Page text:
Results

Between 27 March 2012 and 28 June 2016, up to 1026 (51%) index cases with EPTB met eligibility criteria, and had a total of 3652 household contacts screened (median 3; IQR 2–5).

The prevalence of active TB disease, LTBI and positive screening outcome in EPTB contacts was 0.44% (95% CI 0.2 to 0.6), 3.6% (95% CI 2.7 to 4.5) and 4.0% (95% CI 3.1 to 4.9), respectively (figure 1). To detect one positive screening outcome, 25 contacts of EPTB cases would need to be screened (figure 1).

Figure 1

Prevalence of latent TB infection (LTBI), active TB disease and positive screening outcome in extrapulmonary TB (EPTB) contacts overall and by place of birth and entry to UK (n=1026). Detection rate is the number of cases of LTBI, active TB disease or positive screening outcome detected per 100 000 contacts screened. NNS is the number of patients needed to screen to detect one case of LTBI, active TB disease or a positive screening outcome in their screened contacts. Error bars represent 95% CIs and the P value is derived from χ2 test for trend comparing prevalence of LTBI, active TB disease and positive screening outcome in contacts of patients born in UK, born abroad with less recent entry and born abroad with recent entry (all P<0.001). Up to 946 of 1026 patients with EPTB had data available on country of birth and time in UK.

Eligible contacts of patients who were recent migrants to the UK (less than median duration of years since entry) compared with patients who were long-term migrants or UK born had higher prevalence of active TB disease (recent migrants 0.78% (0.13–1.4) vs long-term migrants 0.29% (0.0–0.6) vs UK born 0.16% (0.0–0.4), χ2 test for trend P<0.001, figure 1) and LTBI (5.9% (4.0–7.8) vs 2.3% (1.3–3.3) vs 1.6% (0.4–2.7), figure 1).

There was no significant difference between prevalence of active TB disease, LTBI or positive screening outcome in contacts of patients with pleural and isolated mediastinal lymphadenopathy versus contacts of patients with EPTB at other sites (figure 2).

Figure 2

Prevalence of latent TB infection (LTBI), active TB disease and positive screening outcome in extrapulmonary TB (EPTB) contacts of patients with pleural or isolated mediastinal lymph node TB versus other sites of EPTB (n=1026). Detection rate is the number of cases of LTBI, active TB disease or positive screening outcome detected per 100 000 contacts screened. NNS is the number of patients needed to screen to detect one case of LTBI, active TB disease or a positive screening outcome in their screened contacts. Error bars represent 95% CIs and the P value is derived from  χ2 test comparing prevalence of LTBI, active TB disease and positive screening outcome in contacts of patients with pleural or isolated mediastinal lymph node TB versus other sites of EPTB (P=0.2).

Discussion

The NICE 2016 TB guidelines no longer recommend routine screening for EPTB contacts, citing a lack of cost-effectiveness. However, our data from North West England, a low TB burden region, show that prevalence of active TB disease among all household contacts was high at 440 per 100 000, and was 167 per 100 000 when analysis was limited to contacts of UK-born EPTB cases. These data strongly suggest that screening of household contacts of EPTB cases could have substantial individual and public health benefits, and with recent data from London demonstrating similar findings, we urge that NICE guidance is reconsidered.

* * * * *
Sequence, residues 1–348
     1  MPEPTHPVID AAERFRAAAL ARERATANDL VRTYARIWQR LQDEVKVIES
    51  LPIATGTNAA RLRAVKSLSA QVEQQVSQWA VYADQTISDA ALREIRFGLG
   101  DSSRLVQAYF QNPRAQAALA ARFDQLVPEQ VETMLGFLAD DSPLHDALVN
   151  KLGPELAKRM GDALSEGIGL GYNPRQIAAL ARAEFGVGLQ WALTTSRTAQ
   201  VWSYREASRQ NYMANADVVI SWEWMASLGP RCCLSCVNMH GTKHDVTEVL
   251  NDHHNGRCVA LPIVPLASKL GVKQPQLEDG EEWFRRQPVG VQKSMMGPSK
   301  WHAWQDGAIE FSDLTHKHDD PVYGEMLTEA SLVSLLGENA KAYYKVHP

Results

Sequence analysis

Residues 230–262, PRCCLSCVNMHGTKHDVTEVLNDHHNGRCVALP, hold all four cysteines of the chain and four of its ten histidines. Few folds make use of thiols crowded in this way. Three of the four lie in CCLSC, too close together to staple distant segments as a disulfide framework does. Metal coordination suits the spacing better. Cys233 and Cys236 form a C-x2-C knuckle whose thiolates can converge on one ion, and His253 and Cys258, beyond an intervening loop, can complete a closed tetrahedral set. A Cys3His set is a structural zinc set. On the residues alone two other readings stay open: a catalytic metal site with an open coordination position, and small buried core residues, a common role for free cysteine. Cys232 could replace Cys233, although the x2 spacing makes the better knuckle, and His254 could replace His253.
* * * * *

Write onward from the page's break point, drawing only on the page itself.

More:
The active TB disease point prevalence we found is similar to a recent review of UK pre-entrant screening programmes (147 per 100 000 person-years),9 a London-based contact tracing study (700/100 000 contacts screened)10 and 10 times higher than that suggested by 2016 NICE guidelines as the country prevalence threshold for UK new entrant screening (>40 per 100 000 people per year).4

This study has some limitations. First, ETS data were collected retrospectively, meaning that despite regional data cleaning, some data may be missing or inaccurate. Second, despite complementary results to those from the London-based cohort,10 the North West population of TB-affected people may not be generalisable to the rest of England.

In conclusion, our findings show that the yield of active TB disease in EPTB contacts is substantially greater than the threshold advocated by NICE for new entrant screening and similar to that of a large London-based cohort. This suggests that, in England, the 2016 decision by NICE to no longer recommend routine EPTB contact tracing should be re-evaluated, including through studies of cost-effectiveness.

References

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Footnotes

  • Contributors TW, PM, PC and LPO conceived, wrote and submitted the final version of the manuscript for publication. TW collected the data and designed and carried out the analysis.

  • Funding TW is supported by grants from the Wellcome Trust (Grant: 209075/Z/17/Z), the Academy of Medical Sciences (JXR12769), the Liverpool Glasgow Wellcome Trust Centre for Global Health Research, the University of Liverpool, and the National Institute for Health Research. PM is supported by the Wellcome Trust (Grant: 206575/Z/17/Z).

  • Competing interests None declared.

  • Ethics approval This study is part of awider research project approved by the North West TB Control Board.

  • Provenance and peer review Not commissioned; externally peer reviewed.